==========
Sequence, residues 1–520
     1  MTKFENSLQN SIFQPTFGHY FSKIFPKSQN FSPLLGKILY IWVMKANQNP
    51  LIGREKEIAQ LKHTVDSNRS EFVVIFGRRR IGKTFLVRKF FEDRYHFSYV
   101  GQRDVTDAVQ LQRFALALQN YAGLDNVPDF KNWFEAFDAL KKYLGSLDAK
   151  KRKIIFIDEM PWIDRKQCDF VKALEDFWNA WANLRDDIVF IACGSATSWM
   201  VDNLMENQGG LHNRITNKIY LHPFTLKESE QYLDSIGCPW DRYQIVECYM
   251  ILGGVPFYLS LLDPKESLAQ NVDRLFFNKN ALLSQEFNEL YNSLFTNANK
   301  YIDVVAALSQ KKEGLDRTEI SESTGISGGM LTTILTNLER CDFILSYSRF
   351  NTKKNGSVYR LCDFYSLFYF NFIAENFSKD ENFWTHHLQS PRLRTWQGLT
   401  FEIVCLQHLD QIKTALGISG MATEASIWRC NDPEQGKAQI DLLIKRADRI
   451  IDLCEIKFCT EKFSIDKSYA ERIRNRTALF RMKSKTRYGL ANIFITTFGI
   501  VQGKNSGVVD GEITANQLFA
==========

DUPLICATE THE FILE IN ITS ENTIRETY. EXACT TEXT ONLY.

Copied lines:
Sequence, residues 1–520
     1  MTKFENSLQN SIFQPTFGHY FSKIFPKSQN FSPLLGKILY IWVMKANQNP
    51  LIGREKEIAQ LKHTVDSNRS EFVVIFGRRR IGKTFLVRKF FEDRYHFSYV
   101  GQRDVTDAVQ LQRFALALQN YAGLDNVPDF KNWFEAFDAL KKYLGSLDAK
   151  KRKIIFIDEM PWIDRKQCDF VKALEDFWNA WANLRDDIVF IACGSATSWM
   201  VDNLMENQGG LHNRITNKIY LHPFTLKESE QYLDSIGCPW DRYQIVECYM
   251  ILGGVPFYLS LLDPKESLAQ NVDRLFFNKN ALLSQEFNEL YNSLFTNANK
   301  YIDVVAALSQ KKEGLDRTEI SESTGISGGM LTTILTNLER CDFILSYSRF
   351  NTKKNGSVYR LCDFYSLFYF NFIAENFSKD ENFWTHHLQS PRLRTWQGLT
   401  FEIVCLQHLD QIKTALGISG MATEASIWRC NDPEQGKAQI DLLIKRADRI
   451  IDLCEIKFCT EKFSIDKSYA ERIRNRTALF RMKSKTRYGL ANIFITTFGI
   501  VQGKNSGVVD GEITANQLFA